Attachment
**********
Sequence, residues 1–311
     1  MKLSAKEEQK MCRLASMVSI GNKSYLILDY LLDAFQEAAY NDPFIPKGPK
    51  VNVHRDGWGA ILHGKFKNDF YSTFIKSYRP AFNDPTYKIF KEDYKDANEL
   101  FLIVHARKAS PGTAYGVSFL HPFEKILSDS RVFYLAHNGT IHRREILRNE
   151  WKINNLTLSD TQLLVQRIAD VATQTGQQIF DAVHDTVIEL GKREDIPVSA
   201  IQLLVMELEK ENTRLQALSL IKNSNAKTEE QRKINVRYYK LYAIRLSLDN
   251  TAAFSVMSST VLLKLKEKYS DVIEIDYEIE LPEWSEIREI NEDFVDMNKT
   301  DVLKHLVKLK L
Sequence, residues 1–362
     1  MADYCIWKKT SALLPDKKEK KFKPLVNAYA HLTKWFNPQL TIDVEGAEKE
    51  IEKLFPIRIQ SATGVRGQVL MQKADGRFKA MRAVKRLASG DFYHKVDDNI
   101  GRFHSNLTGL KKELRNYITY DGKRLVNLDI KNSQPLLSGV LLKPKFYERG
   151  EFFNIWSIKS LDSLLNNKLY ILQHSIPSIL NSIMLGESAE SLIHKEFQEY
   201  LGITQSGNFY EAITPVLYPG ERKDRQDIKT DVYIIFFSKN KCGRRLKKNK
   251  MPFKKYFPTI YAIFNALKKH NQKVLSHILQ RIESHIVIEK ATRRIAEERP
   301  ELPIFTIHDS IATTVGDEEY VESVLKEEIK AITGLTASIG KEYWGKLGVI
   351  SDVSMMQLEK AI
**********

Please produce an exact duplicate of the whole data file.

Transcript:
Sequence, residues 1–311
     1  MKLSAKEEQK MCRLASMVSI GNKSYLILDY LLDAFQEAAY NDPFIPKGPK
    51  VNVHRDGWGA ILHGKFKNDF YSTFIKSYRP AFNDPTYKIF KEDYKDANEL
   101  FLIVHARKAS PGTAYGVSFL HPFEKILSDS RVFYLAHNGT IHRREILRNE
   151  WKINNLTLSD TQLLVQRIAD VATQTGQQIF DAVHDTVIEL GKREDIPVSA
   201  IQLLVMELEK ENTRLQALSL IKNSNAKTEE QRKINVRYYK LYAIRLSLDN
   251  TAAFSVMSST VLLKLKEKYS DVIEIDYEIE LPEWSEIREI NEDFVDMNKT
   301  DVLKHLVKLK L
Sequence, residues 1–362
     1  MADYCIWKKT SALLPDKKEK KFKPLVNAYA HLTKWFNPQL TIDVEGAEKE
    51  IEKLFPIRIQ SATGVRGQVL MQKADGRFKA MRAVKRLASG DFYHKVDDNI
   101  GRFHSNLTGL KKELRNYITY DGKRLVNLDI KNSQPLLSGV LLKPKFYERG
   151  EFFNIWSIKS LDSLLNNKLY ILQHSIPSIL NSIMLGESAE SLIHKEFQEY
   201  LGITQSGNFY EAITPVLYPG ERKDRQDIKT DVYIIFFSKN KCGRRLKKNK
   251  MPFKKYFPTI YAIFNALKKH NQKVLSHILQ RIESHIVIEK ATRRIAEERP
   301  ELPIFTIHDS IATTVGDEEY VESVLKEEIK AITGLTASIG KEYWGKLGVI
   351  SDVSMMQLEK AI